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City of New Orleans v. Ambac Assurance Corporation

United States District Court, E.D. Louisiana

December 12, 2014

THE CITY OF NEW ORLEANS,
v.
AMBAC ASSURANCE CORPORATION, et al.

ORDER & REASONS

KURT D. ENGELHARDT, District Judge.

Now before the Court are Defendants', UBS Securities, LLC and PaineWebber Capital Services, Inc. ("Defendants"), Motions in Limine to exclude Plaintiff's, the City of New Orleans ("the City"), "new allegations" that Defendants misrepresented certain information related to the transaction at issue in this case. (Rec. Doc. 239). The City filed a response in opposition (Rec. Doc. 242), and Defendants filed a reply (Rec. Doc. 245). For the reasons stated herein,

IT IS ORDERED that the Motions in Limine are hereby GRANTED, and the City's substantive claims are limited to its existing causes of action, Counts V, VI, and VIII. In addition, any evidence of the four misrepresentations at issue in these motions is declared inadmissible at trial.

I. Background

This case arises out of variable rate municipal bonds issued by the City in 2000 in the principal amount of $170, 660, 000 to fund the City's firefighter pension fund. (Rec. Doc. 242 at p. 2). Defendants (PaineWebber, Inc., later UBS, as successor-in-interest) served as underwriter for the bonds. To manage the variable interest rate risk associated with the bonds, the City entered into an interest rate swap agreement (the "Swap") with Defendants, whereby the City agreed to pay Defendants a fixed rate of interest, and Defendants paid the weekly variable rate. Unbeknownst to the City, Defendants then entered into a reciprocal swap ("Reciprocal Swap") with an AMBAC affiliate, AMBAC Financial Services, LLC ("AFS"), whereby Defendants agreed to pay AFS a fixed rate, and AFS assumed the risk of the variable rate. In the financial crisis of 2008, the bonds became unmarketable causing AMBAC to exercise its rights under the Reciprocal Swap, thereby triggering a provision of the Swap between Defendants and the City. As a result, the City was forced to refinance the bonds and terminate the Swap.

The City brought suit on July 17, 2008, against AMBAC, AFS, and Defendants. On October 10, 2010, this Court dismissed all claims against AMBAC and AFS. (Rec. Doc. 107). In addition, the City sued Defendants under various theories, and this Court dismissed all claims against Defendants except the following: (1) fraud in the inducement (Count V); (2) negligent misrepresentation (Count VI); and (3) breach of the Swap agreement (Count VIII). Counts V and VI relate to information that Defendants are alleged to have fraudulently omitted. (Rec Doc. 83 at p. 72-73). In October of 2011, on the City's unopposed motion, the parties administratively closed the case pending potential settlement negotiations. (Rec. Doc. 169). After such talks proved ineffective, the City moved to reopen the case in November of 2013, and the Court granted the motion. (Rec. Doc. 210). The Court issued an updated scheduling order indicating that the time to amend pleadings, cross-claims, and counter-claims had passed. (Rec. Doc. 212). During the additional discovery period, the City served on Defendants a combined answer to Defendants' Third Set of Interrogatories and Supplemental and Amended Answers to Defendant's First Set of Interrogatories ("Supplemental Response") (Rec. Doc. 228, Exh. A), which included the following new allegations of misrepresentations: (1) UBS provided false information to the City, which allowed UBS to price the Swap at a considerably higher rate; (2) UBS provided false information regarding the savings that the synthetic fixed rate bonds would achieve; (3) UBS assured the City that its 10.7% rate of return was reasonable; and (4) UBS told the City that it was not entering into a novel deal, but the same kind of deal other municipalities had previously conducted. (Id.). Defendants moved for a Rule 16 Conference to define the scope of the Second Amended Complaint ("the Complaint") as it pertains to the "new allegations" of misrepresentation. During that conference, this Court directed the parties to file motions in limine to address the issues raised in their Rule 16 Motion. (Rec. Doc. 237). Specifically, the Court directed the City to indicate why these "new allegations" were being raised at such a late date when evidence of these assertions was available to the parties back in 2008. Id. Now before the Court are Defendants' Motions in Limine requesting that the Court to limit the City's claims to the causes of action left in the Complaint (Counts V, VI, and VIII) and to prohibit introduction of evidence relating to these four alleged misrepresentation at trial. (Rec. Doc. 239).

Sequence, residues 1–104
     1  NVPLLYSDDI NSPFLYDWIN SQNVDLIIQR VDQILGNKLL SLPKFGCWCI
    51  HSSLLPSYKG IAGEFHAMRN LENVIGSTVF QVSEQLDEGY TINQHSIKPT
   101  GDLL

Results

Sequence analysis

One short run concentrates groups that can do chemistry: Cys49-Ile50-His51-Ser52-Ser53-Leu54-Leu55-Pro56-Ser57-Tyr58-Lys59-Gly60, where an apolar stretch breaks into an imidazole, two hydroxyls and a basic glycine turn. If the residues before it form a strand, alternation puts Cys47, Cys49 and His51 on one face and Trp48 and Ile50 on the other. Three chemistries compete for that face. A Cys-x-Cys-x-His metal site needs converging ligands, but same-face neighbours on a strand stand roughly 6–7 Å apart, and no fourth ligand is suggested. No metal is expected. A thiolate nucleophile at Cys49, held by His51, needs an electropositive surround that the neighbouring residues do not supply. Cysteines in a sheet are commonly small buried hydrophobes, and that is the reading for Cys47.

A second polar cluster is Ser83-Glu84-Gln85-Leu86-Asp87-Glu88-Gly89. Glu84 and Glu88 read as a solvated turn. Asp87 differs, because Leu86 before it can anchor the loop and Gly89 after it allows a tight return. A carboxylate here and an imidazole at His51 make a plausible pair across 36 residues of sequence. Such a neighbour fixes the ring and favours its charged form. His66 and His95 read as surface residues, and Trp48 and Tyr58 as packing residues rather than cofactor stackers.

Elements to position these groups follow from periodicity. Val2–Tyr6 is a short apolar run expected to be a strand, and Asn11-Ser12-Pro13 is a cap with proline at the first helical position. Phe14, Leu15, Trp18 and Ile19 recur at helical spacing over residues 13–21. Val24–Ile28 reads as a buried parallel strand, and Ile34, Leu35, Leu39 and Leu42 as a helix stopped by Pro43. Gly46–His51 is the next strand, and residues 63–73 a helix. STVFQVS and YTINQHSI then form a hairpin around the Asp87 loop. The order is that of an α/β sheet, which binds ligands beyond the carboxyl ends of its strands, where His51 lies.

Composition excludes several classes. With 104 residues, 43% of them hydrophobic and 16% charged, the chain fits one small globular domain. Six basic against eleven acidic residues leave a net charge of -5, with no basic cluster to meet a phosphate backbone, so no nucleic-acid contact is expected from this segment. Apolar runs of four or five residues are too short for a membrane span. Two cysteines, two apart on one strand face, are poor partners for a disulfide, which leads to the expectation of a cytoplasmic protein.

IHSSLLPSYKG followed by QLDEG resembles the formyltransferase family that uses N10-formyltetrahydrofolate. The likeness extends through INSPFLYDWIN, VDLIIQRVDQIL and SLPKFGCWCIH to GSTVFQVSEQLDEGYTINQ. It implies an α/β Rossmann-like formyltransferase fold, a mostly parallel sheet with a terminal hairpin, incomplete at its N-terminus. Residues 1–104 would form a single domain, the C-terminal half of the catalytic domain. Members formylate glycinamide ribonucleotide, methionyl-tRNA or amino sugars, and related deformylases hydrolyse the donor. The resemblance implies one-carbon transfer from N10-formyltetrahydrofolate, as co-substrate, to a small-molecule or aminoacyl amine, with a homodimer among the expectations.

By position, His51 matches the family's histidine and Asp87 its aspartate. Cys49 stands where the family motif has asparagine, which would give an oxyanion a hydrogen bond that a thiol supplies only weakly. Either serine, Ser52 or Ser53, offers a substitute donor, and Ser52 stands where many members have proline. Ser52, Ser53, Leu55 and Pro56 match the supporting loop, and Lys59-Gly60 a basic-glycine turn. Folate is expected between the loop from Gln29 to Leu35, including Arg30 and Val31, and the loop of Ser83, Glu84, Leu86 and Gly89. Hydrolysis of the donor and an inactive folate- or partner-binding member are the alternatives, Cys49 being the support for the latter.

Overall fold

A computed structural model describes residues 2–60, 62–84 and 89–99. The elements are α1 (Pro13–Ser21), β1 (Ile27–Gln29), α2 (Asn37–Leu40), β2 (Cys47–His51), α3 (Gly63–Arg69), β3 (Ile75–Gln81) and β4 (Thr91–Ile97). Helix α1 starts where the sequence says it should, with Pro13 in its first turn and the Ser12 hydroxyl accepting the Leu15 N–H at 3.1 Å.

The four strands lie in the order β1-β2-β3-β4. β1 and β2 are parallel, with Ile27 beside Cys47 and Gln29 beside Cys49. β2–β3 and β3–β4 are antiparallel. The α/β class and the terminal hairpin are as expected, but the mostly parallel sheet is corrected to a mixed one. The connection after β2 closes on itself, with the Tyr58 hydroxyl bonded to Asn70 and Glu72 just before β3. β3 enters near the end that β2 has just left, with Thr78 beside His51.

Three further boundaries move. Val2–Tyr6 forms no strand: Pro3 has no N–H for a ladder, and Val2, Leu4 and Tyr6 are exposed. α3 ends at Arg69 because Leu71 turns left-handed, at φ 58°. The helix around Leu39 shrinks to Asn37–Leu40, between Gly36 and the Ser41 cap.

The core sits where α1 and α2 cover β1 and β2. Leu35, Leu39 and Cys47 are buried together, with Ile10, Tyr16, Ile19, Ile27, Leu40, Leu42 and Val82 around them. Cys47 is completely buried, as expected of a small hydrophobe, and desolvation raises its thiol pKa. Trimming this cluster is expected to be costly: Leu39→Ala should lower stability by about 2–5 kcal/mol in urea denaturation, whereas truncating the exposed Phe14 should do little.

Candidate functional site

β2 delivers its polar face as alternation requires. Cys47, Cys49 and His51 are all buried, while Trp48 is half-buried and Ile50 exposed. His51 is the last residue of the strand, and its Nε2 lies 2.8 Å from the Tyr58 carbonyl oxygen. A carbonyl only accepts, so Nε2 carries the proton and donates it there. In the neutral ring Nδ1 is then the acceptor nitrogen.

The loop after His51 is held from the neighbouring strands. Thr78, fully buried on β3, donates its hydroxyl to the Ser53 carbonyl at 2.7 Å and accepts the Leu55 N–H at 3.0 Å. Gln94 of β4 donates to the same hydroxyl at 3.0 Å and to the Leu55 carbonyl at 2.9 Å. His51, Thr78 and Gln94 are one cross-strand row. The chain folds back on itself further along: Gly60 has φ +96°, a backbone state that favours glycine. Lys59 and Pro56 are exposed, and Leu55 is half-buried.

II. Law & Ananlysis

Defendants argue that the four "new allegations" contained in the City's Supplemental Response were not included in the Second Amended Complaint, and the City should not be able to indirectly amend its Complaint through discovery procedures. (Rec. Doc. 239-1 at p. 4). Additionally, Defendants assert that the City has not plead these "new allegations, " which pertain to affirmative misrepresentation, with specificity as required by Rule 9(b) of the Federal Rules of Civil Procedure. (Id.). The City responds declaring that it has no intention of raising the misrepresentations as substantive claims, instead, that the City intends to rely on the misrepresentations as evidence "that goes toward the fraud and breach of contract claims already pled." (Rec. Doc. 242 at p. 1).

A. Misrepresentations as Causes of Action